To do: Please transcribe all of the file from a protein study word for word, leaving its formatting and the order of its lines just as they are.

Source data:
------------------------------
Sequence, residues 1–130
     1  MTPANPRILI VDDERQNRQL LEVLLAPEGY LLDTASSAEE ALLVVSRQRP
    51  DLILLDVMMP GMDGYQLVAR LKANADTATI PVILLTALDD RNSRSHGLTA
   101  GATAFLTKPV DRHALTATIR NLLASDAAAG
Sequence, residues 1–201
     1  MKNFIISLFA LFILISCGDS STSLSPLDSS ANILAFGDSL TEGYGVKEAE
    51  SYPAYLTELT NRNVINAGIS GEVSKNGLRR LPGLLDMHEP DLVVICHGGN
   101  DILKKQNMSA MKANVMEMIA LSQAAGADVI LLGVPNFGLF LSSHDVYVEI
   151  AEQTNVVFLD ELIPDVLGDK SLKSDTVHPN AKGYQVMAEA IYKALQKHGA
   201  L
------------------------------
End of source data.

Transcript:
Sequence, residues 1–130
     1  MTPANPRILI VDDERQNRQL LEVLLAPEGY LLDTASSAEE ALLVVSRQRP
    51  DLILLDVMMP GMDGYQLVAR LKANADTATI PVILLTALDD RNSRSHGLTA
   101  GATAFLTKPV DRHALTATIR NLLASDAAAG
Sequence, residues 1–201
     1  MKNFIISLFA LFILISCGDS STSLSPLDSS ANILAFGDSL TEGYGVKEAE
    51  SYPAYLTELT NRNVINAGIS GEVSKNGLRR LPGLLDMHEP DLVVICHGGN
   101  DILKKQNMSA MKANVMEMIA LSQAAGADVI LLGVPNFGLF LSSHDVYVEI
   151  AEQTNVVFLD ELIPDVLGDK SLKSDTVHPN AKGYQVMAEA IYKALQKHGA
   201  L